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Boring looooong forms in iOS: How to deal with them?

over 5 years ago from , Designer at Ilustre Design

Every time I have to design an app that depends heavily on long forms being filled (like stock control apps, contact management apps, etc.) I feel that I fail in delivering a good user experience. I don't know if it's just me or if that's a general frustration among designers.

I've been working on yet another app that requires a lot of forms to be filled by their users and this time I really don't want to fail.

How do you guys deal with that? Any tips?

19 comments

  • Jonathan YapJonathan Yap, over 5 years ago (edited over 5 years ago )

    Long forms are tricky because you get lots of fields that might not be required. Always check if it aligns with user and business goal. Now ask yourself,

    • can some of these forms be automated or pre-populated?
    • do you need to show them all at once? It might be better to break them down to small digestible chucks and only show when someone toggles them.
    • can you manage their expectations? Steps, progress bars are some that can be employed to mitigate the experience
    • having steps are good too, always auto-save the progress and allow users to revisit if it's a painfully long process (like immigration forms)
    • do you have to force them to fill up everything at once up front? Progressively ask for information can be a less painful experience.

    Hope that helps you push a little closer to less painful long form experience :)

    7 points
    • Dirk HCM van BoxtelDirk HCM van Boxtel, over 5 years ago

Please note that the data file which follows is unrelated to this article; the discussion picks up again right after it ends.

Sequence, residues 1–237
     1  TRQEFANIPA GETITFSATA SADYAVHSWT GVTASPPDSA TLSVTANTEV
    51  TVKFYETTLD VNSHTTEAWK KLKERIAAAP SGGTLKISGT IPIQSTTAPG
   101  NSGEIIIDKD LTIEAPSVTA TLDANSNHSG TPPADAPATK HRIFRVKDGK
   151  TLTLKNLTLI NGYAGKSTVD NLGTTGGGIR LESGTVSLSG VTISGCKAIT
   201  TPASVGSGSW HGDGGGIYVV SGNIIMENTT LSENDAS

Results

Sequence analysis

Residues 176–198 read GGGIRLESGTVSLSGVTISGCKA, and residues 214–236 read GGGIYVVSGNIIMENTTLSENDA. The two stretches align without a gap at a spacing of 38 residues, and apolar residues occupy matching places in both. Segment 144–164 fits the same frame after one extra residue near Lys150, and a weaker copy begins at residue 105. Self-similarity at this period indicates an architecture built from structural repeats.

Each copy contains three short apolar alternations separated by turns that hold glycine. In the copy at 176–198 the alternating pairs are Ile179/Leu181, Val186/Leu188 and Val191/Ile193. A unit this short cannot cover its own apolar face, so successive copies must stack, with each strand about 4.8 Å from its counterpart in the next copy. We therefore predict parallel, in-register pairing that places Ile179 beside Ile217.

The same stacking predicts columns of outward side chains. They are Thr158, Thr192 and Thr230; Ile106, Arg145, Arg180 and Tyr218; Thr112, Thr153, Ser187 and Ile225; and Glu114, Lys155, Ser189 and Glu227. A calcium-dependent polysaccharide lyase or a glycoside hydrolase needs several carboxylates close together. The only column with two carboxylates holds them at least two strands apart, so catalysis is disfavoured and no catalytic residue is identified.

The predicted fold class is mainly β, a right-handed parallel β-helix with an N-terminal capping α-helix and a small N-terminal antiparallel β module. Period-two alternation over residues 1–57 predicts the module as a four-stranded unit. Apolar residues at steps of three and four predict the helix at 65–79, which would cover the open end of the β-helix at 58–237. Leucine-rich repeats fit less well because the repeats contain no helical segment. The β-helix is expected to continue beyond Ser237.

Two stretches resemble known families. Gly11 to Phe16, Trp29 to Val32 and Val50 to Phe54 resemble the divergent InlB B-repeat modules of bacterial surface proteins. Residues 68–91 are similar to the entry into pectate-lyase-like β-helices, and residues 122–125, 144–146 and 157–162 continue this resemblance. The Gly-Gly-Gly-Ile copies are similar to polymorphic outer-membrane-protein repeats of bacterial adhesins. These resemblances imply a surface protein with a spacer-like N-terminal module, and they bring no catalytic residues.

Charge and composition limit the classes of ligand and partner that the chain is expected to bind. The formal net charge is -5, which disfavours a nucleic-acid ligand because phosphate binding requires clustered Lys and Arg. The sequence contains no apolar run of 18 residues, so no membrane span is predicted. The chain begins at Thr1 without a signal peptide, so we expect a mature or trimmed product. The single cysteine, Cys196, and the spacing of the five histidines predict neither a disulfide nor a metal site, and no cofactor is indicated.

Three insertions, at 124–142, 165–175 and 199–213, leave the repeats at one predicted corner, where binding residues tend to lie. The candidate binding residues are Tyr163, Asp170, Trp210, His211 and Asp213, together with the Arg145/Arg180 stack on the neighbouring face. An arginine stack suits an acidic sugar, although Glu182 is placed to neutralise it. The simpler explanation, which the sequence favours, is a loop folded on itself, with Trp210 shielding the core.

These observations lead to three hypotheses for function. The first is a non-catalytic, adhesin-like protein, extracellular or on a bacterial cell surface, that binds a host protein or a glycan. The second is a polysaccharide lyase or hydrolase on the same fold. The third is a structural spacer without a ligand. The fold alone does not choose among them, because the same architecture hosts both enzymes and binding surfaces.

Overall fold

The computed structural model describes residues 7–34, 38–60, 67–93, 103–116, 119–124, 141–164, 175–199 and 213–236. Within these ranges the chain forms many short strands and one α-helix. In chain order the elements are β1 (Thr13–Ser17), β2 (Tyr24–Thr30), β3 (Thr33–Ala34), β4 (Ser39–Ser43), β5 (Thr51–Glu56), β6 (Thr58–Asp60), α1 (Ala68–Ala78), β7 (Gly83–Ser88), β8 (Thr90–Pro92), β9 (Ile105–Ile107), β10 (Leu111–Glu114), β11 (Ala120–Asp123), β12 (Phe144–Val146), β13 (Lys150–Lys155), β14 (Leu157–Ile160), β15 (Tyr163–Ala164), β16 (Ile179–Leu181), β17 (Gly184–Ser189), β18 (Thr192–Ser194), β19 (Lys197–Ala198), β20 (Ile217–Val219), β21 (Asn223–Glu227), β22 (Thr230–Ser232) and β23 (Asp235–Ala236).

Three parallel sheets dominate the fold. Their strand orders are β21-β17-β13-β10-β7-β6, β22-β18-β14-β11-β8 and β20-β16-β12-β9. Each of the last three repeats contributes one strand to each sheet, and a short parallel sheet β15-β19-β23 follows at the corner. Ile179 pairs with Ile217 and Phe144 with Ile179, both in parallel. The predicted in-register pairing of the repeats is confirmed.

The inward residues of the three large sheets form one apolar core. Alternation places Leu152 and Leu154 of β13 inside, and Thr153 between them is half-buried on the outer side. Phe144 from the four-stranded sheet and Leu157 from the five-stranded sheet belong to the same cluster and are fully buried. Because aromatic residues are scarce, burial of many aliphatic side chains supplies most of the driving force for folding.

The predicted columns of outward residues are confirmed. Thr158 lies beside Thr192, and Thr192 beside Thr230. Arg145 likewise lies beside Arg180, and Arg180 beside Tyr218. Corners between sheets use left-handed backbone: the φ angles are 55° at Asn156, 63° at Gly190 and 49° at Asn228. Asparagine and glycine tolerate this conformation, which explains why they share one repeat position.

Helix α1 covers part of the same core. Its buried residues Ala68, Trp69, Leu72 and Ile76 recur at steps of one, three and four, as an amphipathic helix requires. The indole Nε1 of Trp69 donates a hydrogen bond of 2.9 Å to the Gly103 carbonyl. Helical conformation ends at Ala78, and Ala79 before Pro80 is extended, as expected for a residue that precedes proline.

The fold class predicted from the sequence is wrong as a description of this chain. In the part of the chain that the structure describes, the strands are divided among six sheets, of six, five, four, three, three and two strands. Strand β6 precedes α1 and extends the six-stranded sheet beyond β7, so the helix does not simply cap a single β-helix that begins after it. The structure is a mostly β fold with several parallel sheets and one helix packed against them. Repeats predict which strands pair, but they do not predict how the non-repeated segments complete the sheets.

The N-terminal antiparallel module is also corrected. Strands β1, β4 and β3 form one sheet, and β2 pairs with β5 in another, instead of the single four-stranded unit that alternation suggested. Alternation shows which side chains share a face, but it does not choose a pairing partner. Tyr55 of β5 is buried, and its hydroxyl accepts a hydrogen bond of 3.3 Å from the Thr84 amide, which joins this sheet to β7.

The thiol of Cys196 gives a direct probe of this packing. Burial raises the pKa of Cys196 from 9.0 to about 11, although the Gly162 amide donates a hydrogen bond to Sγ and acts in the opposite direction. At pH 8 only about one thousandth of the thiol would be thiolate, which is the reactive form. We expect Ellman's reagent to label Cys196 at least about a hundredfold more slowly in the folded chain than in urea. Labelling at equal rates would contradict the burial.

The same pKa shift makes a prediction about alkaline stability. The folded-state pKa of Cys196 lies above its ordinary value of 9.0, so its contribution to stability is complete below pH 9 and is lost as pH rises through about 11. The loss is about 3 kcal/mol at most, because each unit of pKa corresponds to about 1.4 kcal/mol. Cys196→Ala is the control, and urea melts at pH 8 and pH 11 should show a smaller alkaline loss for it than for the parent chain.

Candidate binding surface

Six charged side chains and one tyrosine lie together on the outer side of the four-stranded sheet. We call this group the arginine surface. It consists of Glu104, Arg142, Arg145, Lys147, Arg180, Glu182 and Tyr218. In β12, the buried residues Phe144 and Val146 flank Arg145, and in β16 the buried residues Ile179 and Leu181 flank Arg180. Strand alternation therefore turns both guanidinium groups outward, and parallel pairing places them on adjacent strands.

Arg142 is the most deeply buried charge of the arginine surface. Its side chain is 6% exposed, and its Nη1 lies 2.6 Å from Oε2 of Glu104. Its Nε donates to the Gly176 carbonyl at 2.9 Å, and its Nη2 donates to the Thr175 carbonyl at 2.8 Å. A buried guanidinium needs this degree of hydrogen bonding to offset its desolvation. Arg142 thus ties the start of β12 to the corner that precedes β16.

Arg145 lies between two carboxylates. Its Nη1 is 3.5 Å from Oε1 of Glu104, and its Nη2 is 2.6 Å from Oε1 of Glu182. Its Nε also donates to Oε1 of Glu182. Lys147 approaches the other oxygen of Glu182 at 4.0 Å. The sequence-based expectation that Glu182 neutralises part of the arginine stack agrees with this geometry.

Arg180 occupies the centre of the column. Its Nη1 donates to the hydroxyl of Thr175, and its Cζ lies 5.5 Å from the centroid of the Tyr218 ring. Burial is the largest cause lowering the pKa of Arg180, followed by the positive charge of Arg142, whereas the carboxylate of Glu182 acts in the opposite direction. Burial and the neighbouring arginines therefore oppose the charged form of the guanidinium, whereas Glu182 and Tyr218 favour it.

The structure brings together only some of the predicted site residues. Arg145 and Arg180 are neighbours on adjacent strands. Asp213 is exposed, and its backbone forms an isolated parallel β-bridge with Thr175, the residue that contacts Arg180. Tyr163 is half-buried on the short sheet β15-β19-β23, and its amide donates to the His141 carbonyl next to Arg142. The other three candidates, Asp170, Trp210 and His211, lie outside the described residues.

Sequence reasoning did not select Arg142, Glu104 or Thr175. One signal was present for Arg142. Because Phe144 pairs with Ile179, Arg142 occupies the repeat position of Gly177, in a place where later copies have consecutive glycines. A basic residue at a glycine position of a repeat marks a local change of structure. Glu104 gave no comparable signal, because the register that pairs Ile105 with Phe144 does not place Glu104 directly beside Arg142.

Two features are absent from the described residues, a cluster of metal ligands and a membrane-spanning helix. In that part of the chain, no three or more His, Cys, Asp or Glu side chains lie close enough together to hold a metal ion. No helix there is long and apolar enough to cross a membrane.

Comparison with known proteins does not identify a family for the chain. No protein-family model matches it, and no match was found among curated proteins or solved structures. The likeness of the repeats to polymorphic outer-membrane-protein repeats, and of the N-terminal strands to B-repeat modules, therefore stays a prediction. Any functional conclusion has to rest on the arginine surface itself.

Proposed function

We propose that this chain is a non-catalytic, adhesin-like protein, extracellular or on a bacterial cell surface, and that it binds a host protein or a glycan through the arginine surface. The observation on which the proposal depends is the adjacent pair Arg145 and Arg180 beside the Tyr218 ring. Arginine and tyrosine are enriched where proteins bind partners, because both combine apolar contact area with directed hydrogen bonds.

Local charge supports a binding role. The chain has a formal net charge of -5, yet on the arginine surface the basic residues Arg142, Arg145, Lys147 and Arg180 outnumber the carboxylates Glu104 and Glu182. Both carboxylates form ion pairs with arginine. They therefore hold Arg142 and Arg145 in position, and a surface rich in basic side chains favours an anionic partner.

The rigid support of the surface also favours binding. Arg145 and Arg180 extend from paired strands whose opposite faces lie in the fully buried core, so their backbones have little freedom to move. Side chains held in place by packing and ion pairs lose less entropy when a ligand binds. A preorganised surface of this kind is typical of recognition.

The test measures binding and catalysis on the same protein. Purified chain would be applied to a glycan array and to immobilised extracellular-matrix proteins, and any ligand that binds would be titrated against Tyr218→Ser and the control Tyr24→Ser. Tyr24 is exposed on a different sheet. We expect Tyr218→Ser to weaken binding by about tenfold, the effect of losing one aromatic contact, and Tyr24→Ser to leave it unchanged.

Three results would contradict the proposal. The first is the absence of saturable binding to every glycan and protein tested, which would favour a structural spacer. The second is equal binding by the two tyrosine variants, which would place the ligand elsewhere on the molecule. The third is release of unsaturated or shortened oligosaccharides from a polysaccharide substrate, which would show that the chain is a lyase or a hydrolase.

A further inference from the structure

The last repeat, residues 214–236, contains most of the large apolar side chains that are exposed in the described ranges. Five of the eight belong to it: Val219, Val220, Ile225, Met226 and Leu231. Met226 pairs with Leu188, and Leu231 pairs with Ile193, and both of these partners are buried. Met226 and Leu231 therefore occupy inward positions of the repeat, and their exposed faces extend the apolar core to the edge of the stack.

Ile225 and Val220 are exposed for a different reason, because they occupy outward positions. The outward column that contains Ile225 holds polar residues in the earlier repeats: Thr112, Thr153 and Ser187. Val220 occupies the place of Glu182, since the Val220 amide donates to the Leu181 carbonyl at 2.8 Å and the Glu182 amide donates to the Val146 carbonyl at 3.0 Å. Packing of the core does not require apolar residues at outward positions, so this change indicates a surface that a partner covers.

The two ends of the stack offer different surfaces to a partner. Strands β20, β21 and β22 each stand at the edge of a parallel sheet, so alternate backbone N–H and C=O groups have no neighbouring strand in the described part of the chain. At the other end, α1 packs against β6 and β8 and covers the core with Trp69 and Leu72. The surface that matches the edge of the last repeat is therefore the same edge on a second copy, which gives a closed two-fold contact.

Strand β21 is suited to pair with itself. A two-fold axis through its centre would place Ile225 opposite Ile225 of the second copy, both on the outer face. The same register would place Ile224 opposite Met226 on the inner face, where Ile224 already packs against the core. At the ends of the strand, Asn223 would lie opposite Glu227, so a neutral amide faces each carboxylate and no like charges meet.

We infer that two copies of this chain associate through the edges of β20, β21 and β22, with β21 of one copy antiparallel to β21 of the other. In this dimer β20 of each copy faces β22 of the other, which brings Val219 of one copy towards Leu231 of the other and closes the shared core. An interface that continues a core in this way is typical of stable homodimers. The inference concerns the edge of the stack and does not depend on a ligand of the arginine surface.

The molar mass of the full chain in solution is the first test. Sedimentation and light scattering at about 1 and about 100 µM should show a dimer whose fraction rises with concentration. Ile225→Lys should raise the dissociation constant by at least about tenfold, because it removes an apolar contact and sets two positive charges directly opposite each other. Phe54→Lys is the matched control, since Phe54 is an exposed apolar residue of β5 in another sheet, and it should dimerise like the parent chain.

This covers pretty much everything that came to my mind too.

      I think chunking it up is going to be the most important part. That way saving bits and pieces on-the-go will be easier too. Sort of like filling out a profile through a step-by-step wizard.

      1 point
    • Bruno Barros, over 5 years ago

      Thanks for the tips! I feel that pre-populating them as much as possible is the way to go.

      Dividing them in multiple steps might work sometimes, but in most cases I feel that making the user pay attention to a progress bar end up increasing anxiety. Dunno. That just a feeling a have — laying out everything in one screen seems less punishing than constantly showing the user that there are X steps left to go.

      0 points
      • Jonathan YapJonathan Yap, over 5 years ago

        Yeah, but best way to find out is test it with your users :D

        We found out that steps worked for some cases, but in another situation, users are more receptive to smart long form that appears when its relevant.

        0 points
    • Andrew ZimmermanAndrew Zimmerman, over 5 years ago

      Use good default values and include any disqualifying questions/conditions early in the form.

      1 point
  • Marcus ZanonaMarcus Zanona, over 5 years ago

    I think TypeForm handled this in a graceful way. Even by not using their service I decided to take it as reference for one of the projects I am working. It makes everything look less busy and users only worry about one question at time.

    3 points
  • John Kegel, over 5 years ago

    In the same boat. I think forms in general are made to make people think. The visual pleasure behind the form, ex. animations, iconography, space, & color are the secret weapon to making it a tad bit more of a good user experience.

    I am currently on a app that asks over 100+ questions in a series of forms. I feel your pain. :/

    2 points
  • Brennan Smith, over 5 years ago

    I am working on an e-commerce site that needs to have a streamlined checkout process. After doing some research we are testing this pattern which will save quite a bit of real estate with all of the fields involved.

    Float Label Pattern

    JVFloatLabeledTextField

    Hope this helps.

    1 point
    • Bruno Barros, over 5 years ago

      Floating labels are pretty cool and I've used them before... but I honestly believe that in case of long forms they do more damage than good because they still don't provide room for label and placeholder (since they share the same space).

      That can get pretty bad in long forms where users need to double check if everything is correctly filled.

      1 point
  • Giovanni HobbinsGiovanni Hobbins, over 5 years ago